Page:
» Home > In the News

Ausangate Mountain

30 September 2019

Gary sent in this interesting link – from a couple of years ago. At www.forbes.com/sites/trevornace/2017/01/21/welcome-rainbow-mountains-per… (and see also https://theculturetrip.com/south-america/peru/articles/the-discovery-of-… …). Ausangate Mountain in the Peruvian Andes – striped with colours ranging from turquoise and lavender to maroon and gold (or deep yellow). The mountain was holy to the Quechua people of Cusco and is still held in esteem. The Quechua make pilgrimage there for an annual festival even though it sits at an elevation of 6384m and is located 100km SE of Cusco. The area around the mountain is said to be a geological treasure house with granite cliffs and Cretaceous limestones (chalk, perhaps). It is thought volcanoes may have introduced various minerals into the Andes and minerology is said to be the cause of the colourations. Iron oxides are just one of the minerals that can produce reds and yellows – but there other minerals are responsible for the blue spectrum …


           …                  … In addition, tectonic processes have tilted the sedimentary layers on to their side, exposing a striped stratigraphy. However, the mountain is not all colours as the other side of it is white (snow I assume but could be the white limestone) …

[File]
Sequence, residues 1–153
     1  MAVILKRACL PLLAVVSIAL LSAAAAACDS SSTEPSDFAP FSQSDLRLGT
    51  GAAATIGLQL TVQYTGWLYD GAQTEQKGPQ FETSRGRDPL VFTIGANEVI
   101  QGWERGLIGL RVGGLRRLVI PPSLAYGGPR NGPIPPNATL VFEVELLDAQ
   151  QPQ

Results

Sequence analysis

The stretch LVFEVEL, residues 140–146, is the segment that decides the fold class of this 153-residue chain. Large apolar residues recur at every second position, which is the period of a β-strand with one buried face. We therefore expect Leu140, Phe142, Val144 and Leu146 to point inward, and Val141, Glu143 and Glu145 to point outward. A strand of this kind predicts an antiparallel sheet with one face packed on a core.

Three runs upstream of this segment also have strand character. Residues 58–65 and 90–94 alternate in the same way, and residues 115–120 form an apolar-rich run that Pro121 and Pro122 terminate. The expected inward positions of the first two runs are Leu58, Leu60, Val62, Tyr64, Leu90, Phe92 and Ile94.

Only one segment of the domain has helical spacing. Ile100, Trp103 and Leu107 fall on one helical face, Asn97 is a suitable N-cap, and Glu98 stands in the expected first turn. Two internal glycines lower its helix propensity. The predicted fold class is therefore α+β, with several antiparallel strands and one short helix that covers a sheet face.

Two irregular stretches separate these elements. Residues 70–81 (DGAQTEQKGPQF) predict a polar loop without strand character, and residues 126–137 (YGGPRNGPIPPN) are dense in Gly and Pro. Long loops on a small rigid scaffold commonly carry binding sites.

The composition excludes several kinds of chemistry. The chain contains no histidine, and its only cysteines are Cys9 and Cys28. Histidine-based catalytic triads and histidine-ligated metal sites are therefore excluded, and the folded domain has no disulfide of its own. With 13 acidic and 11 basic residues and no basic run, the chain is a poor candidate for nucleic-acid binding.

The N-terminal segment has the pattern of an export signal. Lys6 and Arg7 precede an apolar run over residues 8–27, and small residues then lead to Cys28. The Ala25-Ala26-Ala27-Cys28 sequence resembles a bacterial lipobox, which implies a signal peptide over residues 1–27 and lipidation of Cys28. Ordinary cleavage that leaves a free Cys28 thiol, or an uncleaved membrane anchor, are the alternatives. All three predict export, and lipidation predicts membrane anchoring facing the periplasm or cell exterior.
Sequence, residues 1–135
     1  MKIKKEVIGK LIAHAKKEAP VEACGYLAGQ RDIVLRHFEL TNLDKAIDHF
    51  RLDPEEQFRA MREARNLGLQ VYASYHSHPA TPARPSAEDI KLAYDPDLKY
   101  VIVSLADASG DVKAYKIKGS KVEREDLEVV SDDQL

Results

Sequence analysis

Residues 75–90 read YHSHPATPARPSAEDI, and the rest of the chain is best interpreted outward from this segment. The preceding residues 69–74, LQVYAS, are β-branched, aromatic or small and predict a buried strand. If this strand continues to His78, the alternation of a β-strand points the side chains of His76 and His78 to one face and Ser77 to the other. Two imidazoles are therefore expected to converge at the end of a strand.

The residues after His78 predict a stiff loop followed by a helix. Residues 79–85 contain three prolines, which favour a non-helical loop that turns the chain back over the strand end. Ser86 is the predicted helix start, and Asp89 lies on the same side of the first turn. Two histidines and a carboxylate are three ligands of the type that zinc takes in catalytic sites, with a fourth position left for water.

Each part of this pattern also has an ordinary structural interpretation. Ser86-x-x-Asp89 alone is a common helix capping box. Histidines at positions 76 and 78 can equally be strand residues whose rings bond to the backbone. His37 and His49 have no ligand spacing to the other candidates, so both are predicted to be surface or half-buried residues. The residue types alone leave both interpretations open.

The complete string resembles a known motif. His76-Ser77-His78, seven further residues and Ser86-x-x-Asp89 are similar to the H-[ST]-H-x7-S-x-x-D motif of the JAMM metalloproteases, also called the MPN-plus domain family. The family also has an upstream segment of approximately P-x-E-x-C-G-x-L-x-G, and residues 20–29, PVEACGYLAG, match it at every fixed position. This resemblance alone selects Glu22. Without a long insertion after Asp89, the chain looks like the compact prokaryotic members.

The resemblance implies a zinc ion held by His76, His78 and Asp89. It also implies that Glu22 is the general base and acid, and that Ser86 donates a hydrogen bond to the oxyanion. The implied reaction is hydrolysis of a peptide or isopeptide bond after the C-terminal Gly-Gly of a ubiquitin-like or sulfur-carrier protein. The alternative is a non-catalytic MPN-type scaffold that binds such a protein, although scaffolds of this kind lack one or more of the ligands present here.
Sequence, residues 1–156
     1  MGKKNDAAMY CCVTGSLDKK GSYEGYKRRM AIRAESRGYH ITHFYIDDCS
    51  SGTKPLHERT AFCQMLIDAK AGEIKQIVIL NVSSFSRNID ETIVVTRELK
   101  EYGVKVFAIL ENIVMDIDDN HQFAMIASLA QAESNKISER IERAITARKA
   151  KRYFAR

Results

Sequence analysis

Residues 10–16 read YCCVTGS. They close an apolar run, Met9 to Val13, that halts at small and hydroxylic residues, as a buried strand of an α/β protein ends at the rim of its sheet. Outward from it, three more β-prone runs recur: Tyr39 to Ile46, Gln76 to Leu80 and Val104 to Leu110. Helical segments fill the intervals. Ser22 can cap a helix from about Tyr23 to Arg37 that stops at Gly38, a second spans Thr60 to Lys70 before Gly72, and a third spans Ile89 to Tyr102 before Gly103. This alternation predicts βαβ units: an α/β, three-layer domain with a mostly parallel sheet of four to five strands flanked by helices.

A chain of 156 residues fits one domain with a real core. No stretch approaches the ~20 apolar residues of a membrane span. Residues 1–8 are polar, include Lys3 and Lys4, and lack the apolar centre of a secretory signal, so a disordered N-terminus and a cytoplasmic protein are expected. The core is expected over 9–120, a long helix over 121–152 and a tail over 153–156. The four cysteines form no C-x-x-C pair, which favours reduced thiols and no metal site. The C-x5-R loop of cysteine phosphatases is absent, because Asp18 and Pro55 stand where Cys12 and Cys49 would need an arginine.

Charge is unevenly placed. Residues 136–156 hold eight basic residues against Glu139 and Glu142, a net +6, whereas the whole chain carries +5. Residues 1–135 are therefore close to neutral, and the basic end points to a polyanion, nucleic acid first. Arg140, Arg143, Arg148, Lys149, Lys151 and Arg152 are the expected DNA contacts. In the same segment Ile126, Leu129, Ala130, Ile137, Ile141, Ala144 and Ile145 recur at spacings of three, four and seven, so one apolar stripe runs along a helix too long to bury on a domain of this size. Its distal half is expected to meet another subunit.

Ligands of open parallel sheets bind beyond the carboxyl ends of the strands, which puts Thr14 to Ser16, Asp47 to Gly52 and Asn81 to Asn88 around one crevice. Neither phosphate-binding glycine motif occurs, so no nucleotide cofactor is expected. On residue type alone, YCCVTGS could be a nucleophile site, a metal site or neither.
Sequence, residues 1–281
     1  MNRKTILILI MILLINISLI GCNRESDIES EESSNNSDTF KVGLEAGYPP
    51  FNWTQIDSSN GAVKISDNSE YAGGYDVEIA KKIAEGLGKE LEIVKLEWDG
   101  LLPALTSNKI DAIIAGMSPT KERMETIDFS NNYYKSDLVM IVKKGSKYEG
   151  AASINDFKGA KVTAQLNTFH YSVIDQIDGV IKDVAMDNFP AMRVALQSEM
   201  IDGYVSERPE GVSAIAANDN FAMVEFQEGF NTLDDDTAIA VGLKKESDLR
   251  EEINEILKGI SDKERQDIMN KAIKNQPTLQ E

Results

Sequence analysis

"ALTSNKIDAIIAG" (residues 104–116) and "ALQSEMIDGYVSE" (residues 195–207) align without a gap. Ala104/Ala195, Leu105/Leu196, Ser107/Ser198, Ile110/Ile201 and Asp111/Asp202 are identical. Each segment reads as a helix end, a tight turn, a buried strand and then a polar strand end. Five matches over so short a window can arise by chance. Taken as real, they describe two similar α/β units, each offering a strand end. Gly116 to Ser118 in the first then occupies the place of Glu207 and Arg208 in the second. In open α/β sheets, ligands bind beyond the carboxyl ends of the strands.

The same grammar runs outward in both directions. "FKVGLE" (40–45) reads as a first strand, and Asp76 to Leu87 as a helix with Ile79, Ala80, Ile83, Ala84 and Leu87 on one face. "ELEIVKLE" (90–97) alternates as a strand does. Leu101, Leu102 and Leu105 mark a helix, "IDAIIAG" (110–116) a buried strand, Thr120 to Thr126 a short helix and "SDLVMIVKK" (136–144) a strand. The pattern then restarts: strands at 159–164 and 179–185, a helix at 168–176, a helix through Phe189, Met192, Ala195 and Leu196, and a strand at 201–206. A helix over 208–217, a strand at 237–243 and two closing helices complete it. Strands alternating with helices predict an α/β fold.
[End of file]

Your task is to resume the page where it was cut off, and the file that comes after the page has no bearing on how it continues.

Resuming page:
… One is reminded or the coloured sands of Alum Bay on the Isle of Wight (also in chalk country). The coloured sands are also turned on their sides. At Alum Bay iron oxides are to blame, we are told. See for example https://en.wikipedia.org/wiki/Alum_Bay


   …  Robert comments in an email – if we look at a map at www.bing.com/maps/?v=2&cp=13.870227~-71.302951&style=h&lvl=12&sp=Point.-…   and pan to the east there is a crater shaped structure, surrounded by multicoloured deposits of which Ausangate and Rainbow are a part. Robert suggests these structures are wind blown deposits as described in the work of Andrew Hall and the late Michael Steinbacher (https://www.youtube.com/watch?v=p1JxlG2l6e0 – the crater being the site of an intense downdraught.



Skip to content